Challenging the fundamentals of magma chamber dynamics

The chemical patterns in the magnetitite layer (Fig. 1) challenge the universal validity of several fundamental principles of magma chamber dynamics which are deeply entrenched, although not always explicitly formulated, in modern petrological concepts.

The first postulate that requires attention is that the temporary floor of a magma chamber is planar so that the cumulate pile is always in direct contact with the overlying resident melt6,8,17,25,26,34,57. Our data show that this may not be true for magma chambers undergoing repeated replenishments. In this case, the solid floor may be separated from the overlying melt by a few metres thick undercut-embayed floor (Figs. 4, 5). This transitional zone consists of a three-dimensional framework of in situ bodies (i.e. non-transported erosional remnants) that are spatially interconnected with each other and the floor rocks. Revisiting our field observations indicates that the undercut-embayed floor is, in fact, a quite common phenomenon in the Bushveld Complex which has so far escaped our attention. Field evidence for such a floor is abundant at all stratigraphic levels of this complex in the form of erosional remnants that are still partly attached to their footwall (Fig. 5b, c; Fig. 6). More commonly, the erosional remnants occur as isolated fragments that are seemingly ‘suspended’ among host rocks (Figs. 5d, 6). Regrettably, to prove the non-transported nature of these fragments using geochemical mapping does not seem possible because, unlike magnetite, all silicate minerals (e.g. plagioclase, olivine, pyroxenes) and chromite are not chemically sensitive enough to record the evolution and propagation of solidification fronts in magmatic systems in sufficient detail35.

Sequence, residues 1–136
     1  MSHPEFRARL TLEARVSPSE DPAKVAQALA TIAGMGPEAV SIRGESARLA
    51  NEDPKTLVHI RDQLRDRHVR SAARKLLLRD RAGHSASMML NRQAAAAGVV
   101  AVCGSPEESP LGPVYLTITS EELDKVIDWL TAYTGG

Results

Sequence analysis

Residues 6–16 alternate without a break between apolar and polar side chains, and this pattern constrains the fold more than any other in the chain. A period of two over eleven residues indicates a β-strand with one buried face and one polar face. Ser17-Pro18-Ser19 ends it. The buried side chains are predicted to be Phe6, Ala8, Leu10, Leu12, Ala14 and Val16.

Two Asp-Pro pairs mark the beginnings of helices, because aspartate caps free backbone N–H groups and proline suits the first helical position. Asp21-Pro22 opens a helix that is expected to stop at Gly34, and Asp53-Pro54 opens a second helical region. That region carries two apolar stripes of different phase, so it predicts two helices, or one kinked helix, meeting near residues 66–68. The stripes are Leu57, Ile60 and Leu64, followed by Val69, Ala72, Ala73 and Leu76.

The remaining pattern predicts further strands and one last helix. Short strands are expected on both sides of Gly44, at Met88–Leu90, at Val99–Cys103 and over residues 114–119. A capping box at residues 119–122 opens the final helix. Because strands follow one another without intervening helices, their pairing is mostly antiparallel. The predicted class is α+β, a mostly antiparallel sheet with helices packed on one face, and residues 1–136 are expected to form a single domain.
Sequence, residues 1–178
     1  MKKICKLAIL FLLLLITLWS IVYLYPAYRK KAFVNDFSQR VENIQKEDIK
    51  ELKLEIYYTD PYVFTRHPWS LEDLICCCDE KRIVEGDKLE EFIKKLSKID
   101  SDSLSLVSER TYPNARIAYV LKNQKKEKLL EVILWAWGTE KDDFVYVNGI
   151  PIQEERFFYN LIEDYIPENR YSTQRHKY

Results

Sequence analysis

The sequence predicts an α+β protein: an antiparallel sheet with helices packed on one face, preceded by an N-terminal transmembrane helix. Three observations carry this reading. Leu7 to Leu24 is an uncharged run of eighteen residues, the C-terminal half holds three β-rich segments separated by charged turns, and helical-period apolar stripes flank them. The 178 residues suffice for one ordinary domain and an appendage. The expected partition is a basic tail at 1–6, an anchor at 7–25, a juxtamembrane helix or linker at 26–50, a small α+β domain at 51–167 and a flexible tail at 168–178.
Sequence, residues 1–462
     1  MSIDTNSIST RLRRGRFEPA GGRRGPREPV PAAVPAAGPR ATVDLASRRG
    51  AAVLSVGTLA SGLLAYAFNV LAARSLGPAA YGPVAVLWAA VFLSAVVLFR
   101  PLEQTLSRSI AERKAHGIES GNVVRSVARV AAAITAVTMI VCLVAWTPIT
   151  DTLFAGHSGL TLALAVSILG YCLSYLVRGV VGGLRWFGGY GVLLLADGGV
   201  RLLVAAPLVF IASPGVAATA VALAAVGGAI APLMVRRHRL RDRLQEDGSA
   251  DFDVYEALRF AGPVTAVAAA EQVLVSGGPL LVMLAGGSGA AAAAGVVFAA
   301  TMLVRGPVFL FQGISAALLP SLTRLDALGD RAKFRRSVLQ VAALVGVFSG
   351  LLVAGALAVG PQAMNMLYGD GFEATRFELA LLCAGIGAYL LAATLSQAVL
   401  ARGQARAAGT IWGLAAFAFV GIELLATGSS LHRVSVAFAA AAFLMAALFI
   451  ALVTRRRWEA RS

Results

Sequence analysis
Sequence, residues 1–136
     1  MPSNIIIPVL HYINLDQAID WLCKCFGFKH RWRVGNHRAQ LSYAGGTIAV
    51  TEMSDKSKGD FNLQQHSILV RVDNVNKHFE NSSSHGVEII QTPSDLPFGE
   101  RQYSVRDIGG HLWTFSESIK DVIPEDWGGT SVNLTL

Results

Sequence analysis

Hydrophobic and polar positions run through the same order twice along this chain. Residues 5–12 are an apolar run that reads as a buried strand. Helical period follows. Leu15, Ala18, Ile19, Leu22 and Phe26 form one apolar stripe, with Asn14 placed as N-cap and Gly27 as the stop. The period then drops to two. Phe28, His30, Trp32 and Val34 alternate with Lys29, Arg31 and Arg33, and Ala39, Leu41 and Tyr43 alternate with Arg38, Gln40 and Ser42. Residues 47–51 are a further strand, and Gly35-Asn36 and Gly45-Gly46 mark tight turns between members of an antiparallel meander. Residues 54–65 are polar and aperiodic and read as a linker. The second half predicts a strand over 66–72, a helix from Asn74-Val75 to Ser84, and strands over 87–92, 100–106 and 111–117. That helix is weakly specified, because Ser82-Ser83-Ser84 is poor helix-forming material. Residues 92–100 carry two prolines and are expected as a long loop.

Figure 6
figure 6figure 6figure 6